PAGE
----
3.      Allocation Integrity Checks:

·  CHECKDB begins by checking the allocation structures of the database, including pages, extents, and allocation units. It verifies the integrity of these structures to ensure they are correctly linked and organized, detecting any physical corruption or inconsistencies.

DBCC CHECKDB also checks the physical integrity of the database at the storage level. This involves:

·      Verifying the integrity of data pages, extents, and allocation units.

·      Detecting and repairing physical corruption, such as torn pages or checksum errors.

·      Ensuring that data pages are correctly linked and organized within the database files.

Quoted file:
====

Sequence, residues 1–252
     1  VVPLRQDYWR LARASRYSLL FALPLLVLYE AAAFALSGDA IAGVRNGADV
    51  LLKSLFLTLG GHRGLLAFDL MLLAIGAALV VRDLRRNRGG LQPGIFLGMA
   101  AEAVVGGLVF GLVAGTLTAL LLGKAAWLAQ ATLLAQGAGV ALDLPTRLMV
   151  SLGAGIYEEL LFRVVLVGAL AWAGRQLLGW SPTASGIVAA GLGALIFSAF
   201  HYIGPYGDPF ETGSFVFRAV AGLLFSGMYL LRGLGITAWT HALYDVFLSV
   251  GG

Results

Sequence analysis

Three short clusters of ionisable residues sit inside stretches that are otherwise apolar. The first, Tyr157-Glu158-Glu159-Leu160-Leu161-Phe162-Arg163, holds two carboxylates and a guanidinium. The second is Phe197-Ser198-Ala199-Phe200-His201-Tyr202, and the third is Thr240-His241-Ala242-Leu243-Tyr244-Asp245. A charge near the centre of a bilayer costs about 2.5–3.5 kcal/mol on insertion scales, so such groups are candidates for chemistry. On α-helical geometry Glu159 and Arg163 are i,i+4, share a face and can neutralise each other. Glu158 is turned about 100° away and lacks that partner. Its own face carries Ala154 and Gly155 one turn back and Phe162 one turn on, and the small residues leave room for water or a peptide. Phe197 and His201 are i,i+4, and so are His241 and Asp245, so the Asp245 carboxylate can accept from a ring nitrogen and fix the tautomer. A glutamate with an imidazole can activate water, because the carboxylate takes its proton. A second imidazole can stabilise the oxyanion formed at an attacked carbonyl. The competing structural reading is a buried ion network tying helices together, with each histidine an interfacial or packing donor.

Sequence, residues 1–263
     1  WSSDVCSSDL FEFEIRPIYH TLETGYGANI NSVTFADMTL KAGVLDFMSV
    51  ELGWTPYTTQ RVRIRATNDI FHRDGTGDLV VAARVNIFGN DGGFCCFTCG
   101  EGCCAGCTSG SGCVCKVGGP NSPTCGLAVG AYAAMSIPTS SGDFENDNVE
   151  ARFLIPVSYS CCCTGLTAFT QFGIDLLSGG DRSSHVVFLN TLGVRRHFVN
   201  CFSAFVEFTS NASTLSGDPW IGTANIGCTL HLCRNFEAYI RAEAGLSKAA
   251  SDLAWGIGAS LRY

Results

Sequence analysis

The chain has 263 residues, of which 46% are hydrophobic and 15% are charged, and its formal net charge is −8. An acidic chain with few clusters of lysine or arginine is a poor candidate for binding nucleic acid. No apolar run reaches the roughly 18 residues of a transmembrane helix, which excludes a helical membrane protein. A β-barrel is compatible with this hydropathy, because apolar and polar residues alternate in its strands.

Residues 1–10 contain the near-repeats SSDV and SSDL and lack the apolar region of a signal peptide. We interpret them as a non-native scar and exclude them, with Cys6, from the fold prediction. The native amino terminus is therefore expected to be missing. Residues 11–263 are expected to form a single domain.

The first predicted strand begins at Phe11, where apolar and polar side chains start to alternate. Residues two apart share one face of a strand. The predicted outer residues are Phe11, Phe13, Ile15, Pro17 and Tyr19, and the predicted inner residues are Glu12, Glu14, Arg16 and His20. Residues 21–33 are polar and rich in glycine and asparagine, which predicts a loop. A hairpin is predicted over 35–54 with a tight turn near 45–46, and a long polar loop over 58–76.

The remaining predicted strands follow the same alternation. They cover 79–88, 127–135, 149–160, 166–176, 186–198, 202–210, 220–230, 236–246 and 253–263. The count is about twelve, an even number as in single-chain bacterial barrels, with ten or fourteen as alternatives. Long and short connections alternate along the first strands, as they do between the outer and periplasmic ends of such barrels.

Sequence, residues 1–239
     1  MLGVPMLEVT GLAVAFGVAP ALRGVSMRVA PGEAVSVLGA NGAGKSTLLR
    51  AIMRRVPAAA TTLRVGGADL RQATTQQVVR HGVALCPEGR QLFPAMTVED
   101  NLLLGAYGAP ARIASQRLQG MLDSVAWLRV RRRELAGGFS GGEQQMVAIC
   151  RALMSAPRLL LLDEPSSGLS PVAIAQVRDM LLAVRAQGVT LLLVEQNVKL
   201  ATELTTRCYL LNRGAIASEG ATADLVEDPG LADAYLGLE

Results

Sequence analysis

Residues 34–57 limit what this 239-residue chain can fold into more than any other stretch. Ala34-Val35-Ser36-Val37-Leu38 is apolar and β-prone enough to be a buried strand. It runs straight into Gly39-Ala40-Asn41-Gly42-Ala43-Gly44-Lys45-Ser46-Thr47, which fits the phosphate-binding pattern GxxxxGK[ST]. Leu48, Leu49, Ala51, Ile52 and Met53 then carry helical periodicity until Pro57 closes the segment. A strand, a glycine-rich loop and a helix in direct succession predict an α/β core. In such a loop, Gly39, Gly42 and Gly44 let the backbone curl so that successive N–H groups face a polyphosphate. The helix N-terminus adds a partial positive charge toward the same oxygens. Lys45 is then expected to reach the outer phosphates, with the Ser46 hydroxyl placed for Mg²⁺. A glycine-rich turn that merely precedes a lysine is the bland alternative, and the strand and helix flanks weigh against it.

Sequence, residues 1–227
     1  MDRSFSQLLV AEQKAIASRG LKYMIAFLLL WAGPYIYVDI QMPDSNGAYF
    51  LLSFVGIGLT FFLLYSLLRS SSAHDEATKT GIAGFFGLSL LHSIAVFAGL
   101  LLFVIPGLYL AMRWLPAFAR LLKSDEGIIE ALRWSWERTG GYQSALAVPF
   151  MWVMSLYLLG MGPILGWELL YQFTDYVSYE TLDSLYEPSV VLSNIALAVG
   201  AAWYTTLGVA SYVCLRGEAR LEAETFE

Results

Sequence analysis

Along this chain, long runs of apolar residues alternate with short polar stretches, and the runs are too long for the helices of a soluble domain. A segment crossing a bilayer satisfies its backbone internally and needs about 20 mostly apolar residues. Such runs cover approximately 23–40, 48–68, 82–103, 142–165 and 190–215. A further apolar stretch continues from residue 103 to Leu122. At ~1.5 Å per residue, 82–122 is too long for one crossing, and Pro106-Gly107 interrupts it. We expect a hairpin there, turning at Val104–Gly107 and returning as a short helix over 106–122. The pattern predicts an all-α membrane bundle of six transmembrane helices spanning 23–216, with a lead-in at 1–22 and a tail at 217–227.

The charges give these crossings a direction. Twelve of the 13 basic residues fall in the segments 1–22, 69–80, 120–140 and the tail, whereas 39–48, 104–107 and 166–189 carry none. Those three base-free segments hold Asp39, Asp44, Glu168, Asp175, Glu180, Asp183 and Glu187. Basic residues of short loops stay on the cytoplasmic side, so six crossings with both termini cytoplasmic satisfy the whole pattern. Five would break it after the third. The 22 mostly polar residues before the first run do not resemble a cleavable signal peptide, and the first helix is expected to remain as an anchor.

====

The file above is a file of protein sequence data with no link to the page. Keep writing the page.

4.      Structural Checks:

·      After completing the allocation integrity checks, CHECKDB verifies the structural integrity of database objects such as tables, indexes, system catalog views, and metadata. It examines the object definitions, relationships, and dependencies to ensure they are consistent and correctly maintained.

5.      Logical Checks:

·     DBCC CHECKDB performs logical checks on data pages within the database. It validates data values, checks for orphaned records, verifies referential integrity, and ensures data consistency across related objects. This phase detects logical inconsistencies or corruption that may not be evident from allocation or structural checks alone.

DBCC CHECKDB examines the logical consistency of data within the database. This includes checking for:

·      Orphaned records: Records that do not have corresponding parent records in related tables.

·      Referential integrity: Ensuring that foreign key constraints are not violated.